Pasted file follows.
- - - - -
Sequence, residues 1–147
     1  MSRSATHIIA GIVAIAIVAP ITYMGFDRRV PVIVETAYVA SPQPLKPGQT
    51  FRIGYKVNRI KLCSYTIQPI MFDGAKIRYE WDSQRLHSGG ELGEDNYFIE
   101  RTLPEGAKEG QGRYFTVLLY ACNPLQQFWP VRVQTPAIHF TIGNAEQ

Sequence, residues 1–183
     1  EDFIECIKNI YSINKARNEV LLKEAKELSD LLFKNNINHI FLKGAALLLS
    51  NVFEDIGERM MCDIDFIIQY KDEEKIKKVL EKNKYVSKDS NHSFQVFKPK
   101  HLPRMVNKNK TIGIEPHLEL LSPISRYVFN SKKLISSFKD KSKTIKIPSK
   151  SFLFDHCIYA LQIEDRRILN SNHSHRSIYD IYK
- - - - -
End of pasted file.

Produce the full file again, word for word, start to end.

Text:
Sequence, residues 1–147
     1  MSRSATHIIA GIVAIAIVAP ITYMGFDRRV PVIVETAYVA SPQPLKPGQT
    51  FRIGYKVNRI KLCSYTIQPI MFDGAKIRYE WDSQRLHSGG ELGEDNYFIE
   101  RTLPEGAKEG QGRYFTVLLY ACNPLQQFWP VRVQTPAIHF TIGNAEQ

Sequence, residues 1–183
     1  EDFIECIKNI YSINKARNEV LLKEAKELSD LLFKNNINHI FLKGAALLLS
    51  NVFEDIGERM MCDIDFIIQY KDEEKIKKVL EKNKYVSKDS NHSFQVFKPK
   101  HLPRMVNKNK TIGIEPHLEL LSPISRYVFN SKKLISSFKD KSKTIKIPSK
   151  SFLFDHCIYA LQIEDRRILN SNHSHRSIYD IYK